Also, the inner end in the tire radial direction of the hard rubber layer 8 is positioned at the inner side relative to the flange height of the rim 10, that is the inner end is settled in the flange 10F. The inner end can extend to a position facing the outside of the bead core 5.

The function and effect obtained by the above mentioned construction is explained in the following.

FIG. 2 is a section view of an assembly 1 when a two-wheeled vehicle turns, wherein a camber angle CA to the road surface Rs is given to the tire-rim assembly 1.

In FIG. 2, the right side of the tire from a normal V to the road surface Rs of the tire is mainly transformed. The transformation between the bead portion 2 and the tread edge 4tD of the tread portion 4 was analysed to find, as shown in the figure, that the portion extending to a little beyond the height of the flange 10F of the rim at the bead portion 2 side is mainly bending (transformation) area, and the portion between the above area and the vicinity of the tread edge 4tD, near which is located the end of the turn-up portion 6b of the carcass 6, is shearing (transformation) area because of force Sf acting mainly on the main body portion 6a and the turn-up portion 6b of the carcass 6.

Bending moment Bm acts on the portion of the tire at the bending area, and therefore the inner side of the tire is extended (as shown by both ends of the arrow) and the outer side of the tire is compressed (the arrow is omitted). The hard rubber layer 8 is arranged at the bending area, whereby the rubber layer 8 is acted on by compression force. Rubber has a characteristic that compression rigidity is much higher than extension rigidity, and therefore the rigidity at least in the bending area is largely improved. Thus the above mentioned ratio a/H needs to be at least 0.1 as shown in FIG. 3. A further effect is obtained when the said ratio is at least 0.2. FIG. 3 is a graph of a pneumatic tire for a two-wheeled vehicle of size 120/70ZR 17, where the vertical axis is a ratio (%) of camber thrust quantity on the basis that the camber thrust quantity of a conventional tire comprising a bead filler rubber is 100, which is the same as FIGS. 4 and 5, and the horizontal axis is the ratio a/H.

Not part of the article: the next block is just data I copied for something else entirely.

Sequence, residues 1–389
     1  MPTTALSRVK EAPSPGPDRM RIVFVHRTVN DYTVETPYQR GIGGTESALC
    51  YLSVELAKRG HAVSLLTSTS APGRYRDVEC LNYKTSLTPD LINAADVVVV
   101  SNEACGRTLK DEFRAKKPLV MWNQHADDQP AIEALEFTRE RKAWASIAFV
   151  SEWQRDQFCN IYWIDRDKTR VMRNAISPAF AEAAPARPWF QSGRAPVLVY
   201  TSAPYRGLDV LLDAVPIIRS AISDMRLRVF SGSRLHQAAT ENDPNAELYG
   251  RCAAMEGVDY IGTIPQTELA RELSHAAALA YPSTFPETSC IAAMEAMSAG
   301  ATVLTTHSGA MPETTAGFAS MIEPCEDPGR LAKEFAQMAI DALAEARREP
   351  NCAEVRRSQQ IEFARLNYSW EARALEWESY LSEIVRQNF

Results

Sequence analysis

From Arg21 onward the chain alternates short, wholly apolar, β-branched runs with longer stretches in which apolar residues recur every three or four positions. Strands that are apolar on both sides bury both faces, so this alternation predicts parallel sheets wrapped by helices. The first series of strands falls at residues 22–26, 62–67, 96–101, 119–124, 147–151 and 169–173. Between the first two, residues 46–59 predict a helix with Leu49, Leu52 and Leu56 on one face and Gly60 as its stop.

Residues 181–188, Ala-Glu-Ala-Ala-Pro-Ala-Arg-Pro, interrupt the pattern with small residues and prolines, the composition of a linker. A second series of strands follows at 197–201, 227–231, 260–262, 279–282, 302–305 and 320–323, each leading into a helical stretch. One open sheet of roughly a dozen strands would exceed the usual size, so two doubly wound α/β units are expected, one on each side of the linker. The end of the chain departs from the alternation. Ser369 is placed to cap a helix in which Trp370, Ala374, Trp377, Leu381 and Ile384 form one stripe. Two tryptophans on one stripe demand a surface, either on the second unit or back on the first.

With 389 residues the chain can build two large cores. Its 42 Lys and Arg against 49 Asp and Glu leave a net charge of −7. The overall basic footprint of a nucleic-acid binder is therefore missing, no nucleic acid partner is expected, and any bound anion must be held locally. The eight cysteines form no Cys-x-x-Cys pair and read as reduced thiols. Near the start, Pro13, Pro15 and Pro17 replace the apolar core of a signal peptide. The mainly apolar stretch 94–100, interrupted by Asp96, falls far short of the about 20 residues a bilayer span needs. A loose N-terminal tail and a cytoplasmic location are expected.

The shearing force at the shearing area increases gradually toward the end of the turn-up portion 6b. The hard rubber layer 8 decreases in contribution to improvement of the rigidity of the area where the component of the shearing force is major (cf. FIG. 3), and separation is likely to generate when the end of the hard rubber layer 8 is arranged at the area where large shearing force acts. Also, especially in order to obtain the ground-contact area of the tread 4t sufficiently, the value a/H is not more than 0.7, preferably not more than 0.6, having consideration of the effect as shown in the graph of FIG. 3.

Also, as is apparent from FIG. 4 where the position of the inner end in the tire radial direction of the hard rubber layer 8 is measured on the basis that the height of the flange 10F of the rim 10 is 0 (zero), when the inner end is positioned higher than the height of the flange 10F of the rim 10, the camber thrust quantity rapidly decreases, and furthermore it is less than that of a conventional tire. Therefore, the inner end is positioned lower than the height of the flange 10F. In FIG. 4, a minus sign before a numerical value on the horizontal axis means a position which is lower than the height of the flange 10F.

Also, as is apparent from FIG. 5, where the horizontal axis is the Shore A hardness of the hard rubber layer (8) at room temperature, the hardness of the rubber layer (8) must be not less than 60. When the hardness is more than 90, cracks are likely to generate from the outer end in the tire radial direction of the hard rubber layer (8), which causes separation damage, and therefore the hardness must be not more than 90.